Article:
Hint: Tap on reversals may make a good way to establish proof of your location and time. Many of these locations are well-equipped with CCTV as well, and the transactions record date and time to make future requests for such footage easier. Not that I’d think you’d need it.
The Opal system does have its quirks, but generally does work if you use your observation skills and common sense. Using it “right” and obeying all the rules won’t guarantee you won’t get stung by something silly, but if you are aware of the rules, and you try your best to conform with them, then you might save yourself a few calls to Opal and long-winded explanations to try and claw back a few dollars and cents. Even then, in many cases, it’s not worth the time or money, so chances are, the Opal guys will get to pocket any errors. It’s not fair, but that’s how it is.
It seems that the majority of issues are caused by bus readers, and their flaky wiring, tricky automotive power environment and intermittent network coverage. Aside from buses, I have never had any charging issues elsewhere, as their readers are generally permanently fixed and well networked. The next biggest issue would be the online top-up system due to the design of the pending-changes system.
You would think that a system that has been running for almost three years would be seamless and just work. Sadly, this is not the case, and even today, it is not as reliable or as slick as some systems overseas.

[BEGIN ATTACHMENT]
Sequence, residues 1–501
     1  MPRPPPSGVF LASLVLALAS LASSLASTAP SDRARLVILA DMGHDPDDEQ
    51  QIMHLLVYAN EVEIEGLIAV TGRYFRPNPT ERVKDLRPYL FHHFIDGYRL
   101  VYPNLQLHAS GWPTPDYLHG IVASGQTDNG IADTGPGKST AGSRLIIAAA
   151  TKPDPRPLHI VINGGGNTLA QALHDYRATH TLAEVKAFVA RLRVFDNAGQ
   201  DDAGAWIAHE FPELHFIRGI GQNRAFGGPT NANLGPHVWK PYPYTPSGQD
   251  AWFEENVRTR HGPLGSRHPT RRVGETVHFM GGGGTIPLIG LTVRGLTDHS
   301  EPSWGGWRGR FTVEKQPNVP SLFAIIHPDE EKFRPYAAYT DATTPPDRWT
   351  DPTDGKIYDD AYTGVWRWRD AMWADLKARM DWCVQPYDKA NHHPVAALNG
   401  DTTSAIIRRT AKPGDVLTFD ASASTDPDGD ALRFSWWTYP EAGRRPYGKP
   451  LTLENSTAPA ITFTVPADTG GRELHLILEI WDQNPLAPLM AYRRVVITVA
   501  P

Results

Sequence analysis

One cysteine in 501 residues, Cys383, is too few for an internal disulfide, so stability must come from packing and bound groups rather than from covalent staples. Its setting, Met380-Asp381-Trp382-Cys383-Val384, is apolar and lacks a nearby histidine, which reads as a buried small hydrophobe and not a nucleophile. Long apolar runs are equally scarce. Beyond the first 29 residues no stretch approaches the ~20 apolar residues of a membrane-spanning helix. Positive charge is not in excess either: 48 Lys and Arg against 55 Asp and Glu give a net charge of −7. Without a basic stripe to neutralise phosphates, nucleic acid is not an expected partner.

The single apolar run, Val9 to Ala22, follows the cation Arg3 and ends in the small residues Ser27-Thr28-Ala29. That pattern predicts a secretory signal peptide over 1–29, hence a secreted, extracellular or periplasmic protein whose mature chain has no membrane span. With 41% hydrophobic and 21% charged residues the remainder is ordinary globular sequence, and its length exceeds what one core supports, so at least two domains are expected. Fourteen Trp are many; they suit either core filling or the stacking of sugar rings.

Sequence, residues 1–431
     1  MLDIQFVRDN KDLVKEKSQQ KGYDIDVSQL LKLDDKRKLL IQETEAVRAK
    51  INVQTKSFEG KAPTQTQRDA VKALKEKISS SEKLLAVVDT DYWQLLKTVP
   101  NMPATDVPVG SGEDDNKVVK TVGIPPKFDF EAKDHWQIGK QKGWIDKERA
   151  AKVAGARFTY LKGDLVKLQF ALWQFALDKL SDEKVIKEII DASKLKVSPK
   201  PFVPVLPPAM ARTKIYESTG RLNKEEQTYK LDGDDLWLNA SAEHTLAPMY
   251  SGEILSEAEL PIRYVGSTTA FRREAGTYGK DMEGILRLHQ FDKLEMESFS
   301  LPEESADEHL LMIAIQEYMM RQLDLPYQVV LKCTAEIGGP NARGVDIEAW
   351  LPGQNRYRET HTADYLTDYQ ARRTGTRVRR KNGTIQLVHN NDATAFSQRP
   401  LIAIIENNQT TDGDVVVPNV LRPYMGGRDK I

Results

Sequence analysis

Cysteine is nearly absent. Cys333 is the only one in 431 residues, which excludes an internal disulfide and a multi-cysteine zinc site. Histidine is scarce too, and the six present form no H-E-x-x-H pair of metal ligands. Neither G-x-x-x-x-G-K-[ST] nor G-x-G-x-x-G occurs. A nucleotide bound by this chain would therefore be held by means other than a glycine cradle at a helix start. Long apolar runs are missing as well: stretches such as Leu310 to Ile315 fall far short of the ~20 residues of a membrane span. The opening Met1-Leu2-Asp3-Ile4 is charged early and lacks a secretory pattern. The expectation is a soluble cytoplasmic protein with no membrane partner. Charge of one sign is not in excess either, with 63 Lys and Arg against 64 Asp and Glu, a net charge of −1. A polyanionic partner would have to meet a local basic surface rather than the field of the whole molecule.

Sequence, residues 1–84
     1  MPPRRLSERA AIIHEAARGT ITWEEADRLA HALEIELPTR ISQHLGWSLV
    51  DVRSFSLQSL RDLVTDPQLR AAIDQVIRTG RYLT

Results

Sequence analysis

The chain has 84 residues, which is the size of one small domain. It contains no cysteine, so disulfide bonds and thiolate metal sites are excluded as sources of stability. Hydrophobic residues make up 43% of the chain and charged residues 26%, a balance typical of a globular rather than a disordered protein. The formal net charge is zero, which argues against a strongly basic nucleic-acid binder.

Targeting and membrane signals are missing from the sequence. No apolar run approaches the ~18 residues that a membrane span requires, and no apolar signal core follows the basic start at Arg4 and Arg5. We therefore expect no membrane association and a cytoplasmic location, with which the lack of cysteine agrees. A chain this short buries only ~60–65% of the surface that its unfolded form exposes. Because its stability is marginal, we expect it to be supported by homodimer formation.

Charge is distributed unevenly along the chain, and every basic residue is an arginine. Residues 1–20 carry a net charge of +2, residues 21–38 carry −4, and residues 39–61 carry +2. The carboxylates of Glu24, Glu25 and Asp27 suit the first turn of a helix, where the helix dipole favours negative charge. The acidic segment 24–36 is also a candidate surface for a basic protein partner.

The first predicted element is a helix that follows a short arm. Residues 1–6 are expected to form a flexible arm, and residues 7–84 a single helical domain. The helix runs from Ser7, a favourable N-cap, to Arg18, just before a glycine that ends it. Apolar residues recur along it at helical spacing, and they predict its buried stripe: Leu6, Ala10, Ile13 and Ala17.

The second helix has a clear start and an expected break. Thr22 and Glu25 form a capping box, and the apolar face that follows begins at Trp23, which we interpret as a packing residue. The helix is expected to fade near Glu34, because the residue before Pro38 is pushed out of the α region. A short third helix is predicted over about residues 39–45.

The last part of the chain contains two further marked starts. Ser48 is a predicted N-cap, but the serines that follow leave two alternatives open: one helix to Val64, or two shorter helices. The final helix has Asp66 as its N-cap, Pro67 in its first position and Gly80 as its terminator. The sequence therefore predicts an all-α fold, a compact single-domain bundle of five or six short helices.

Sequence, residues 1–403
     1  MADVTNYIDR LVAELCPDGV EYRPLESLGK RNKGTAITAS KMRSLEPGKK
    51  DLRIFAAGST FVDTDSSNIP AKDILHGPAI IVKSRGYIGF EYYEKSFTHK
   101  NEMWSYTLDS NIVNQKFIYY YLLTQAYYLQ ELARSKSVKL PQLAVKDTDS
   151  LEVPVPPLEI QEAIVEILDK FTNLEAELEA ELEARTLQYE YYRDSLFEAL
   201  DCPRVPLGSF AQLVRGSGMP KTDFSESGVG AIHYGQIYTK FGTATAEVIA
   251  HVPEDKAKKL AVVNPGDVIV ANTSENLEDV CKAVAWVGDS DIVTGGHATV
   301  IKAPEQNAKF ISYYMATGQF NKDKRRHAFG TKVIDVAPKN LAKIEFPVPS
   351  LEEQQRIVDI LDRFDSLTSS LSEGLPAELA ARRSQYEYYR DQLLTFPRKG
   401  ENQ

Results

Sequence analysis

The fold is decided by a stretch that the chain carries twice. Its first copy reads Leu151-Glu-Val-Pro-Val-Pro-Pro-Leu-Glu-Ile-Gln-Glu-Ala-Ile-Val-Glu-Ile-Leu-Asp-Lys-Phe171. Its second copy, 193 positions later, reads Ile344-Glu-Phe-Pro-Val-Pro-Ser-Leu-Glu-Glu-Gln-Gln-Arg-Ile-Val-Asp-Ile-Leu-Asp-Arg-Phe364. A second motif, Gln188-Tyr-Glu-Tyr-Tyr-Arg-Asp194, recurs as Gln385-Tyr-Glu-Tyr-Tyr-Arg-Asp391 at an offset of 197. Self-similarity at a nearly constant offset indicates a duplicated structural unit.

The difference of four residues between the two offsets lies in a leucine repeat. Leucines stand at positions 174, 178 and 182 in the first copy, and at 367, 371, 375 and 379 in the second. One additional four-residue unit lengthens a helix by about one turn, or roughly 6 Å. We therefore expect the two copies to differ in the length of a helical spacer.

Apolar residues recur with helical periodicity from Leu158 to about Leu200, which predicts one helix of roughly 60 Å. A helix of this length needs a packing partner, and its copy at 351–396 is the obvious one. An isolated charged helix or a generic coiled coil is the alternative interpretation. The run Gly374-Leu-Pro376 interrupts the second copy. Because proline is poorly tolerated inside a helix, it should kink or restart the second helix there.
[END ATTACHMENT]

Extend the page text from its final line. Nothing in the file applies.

Having relatives overseas who regularly use Octopus overseas (Hong Kong’s Felica and MiFare based based system), it seems that problems with fares, multiple NFC cards in wallets, and recharges are virtually zero due to the way the system is designed. The system also is more flexible, allowing the card to be used as virtual currency for small convenience store purchases, access control to certain buildings, as well as allowing you to use special forms of IC-integrated accessories (such as an Octopus watch). This is especially surprising given the Octopus system pre-dates our system, launched in September 1997. I have had personal experience with the system in 2001, 2006 and again in 2014 with no fault at all. The system was even built with consultation with ERG, the company that failed to deliver our T-card. How peculiar.
Regardless, I hope the Opal guys get the problems sorted, however, I have a feeling many of the issues experienced with online systems are architecturally related. Their readers will have a finite amount of storage, the network connectivity will be flaky at times, and the amount of outstanding-card-changes that can be held may never be enough to ensure that every stolen/lost card is immediately blocked, every paid online and auto top-up can be collected immediately. This is disappointing, but if you try to live your Opal life with as little reliance on the online services as you can, it seems that you will not encounter the issues that plague those who do.